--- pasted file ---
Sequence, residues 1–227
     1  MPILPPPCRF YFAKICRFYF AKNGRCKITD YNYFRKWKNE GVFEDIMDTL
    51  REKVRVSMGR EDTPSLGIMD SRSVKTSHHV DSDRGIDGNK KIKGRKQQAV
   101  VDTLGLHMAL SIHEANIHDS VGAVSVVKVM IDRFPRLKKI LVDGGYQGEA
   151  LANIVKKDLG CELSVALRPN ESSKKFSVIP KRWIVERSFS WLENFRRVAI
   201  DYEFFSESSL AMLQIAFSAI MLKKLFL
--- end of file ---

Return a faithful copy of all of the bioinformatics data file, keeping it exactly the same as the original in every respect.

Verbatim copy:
Sequence, residues 1–227
     1  MPILPPPCRF YFAKICRFYF AKNGRCKITD YNYFRKWKNE GVFEDIMDTL
    51  REKVRVSMGR EDTPSLGIMD SRSVKTSHHV DSDRGIDGNK KIKGRKQQAV
   101  VDTLGLHMAL SIHEANIHDS VGAVSVVKVM IDRFPRLKKI LVDGGYQGEA
   151  LANIVKKDLG CELSVALRPN ESSKKFSVIP KRWIVERSFS WLENFRRVAI
   201  DYEFFSESSL AMLQIAFSAI MLKKLFL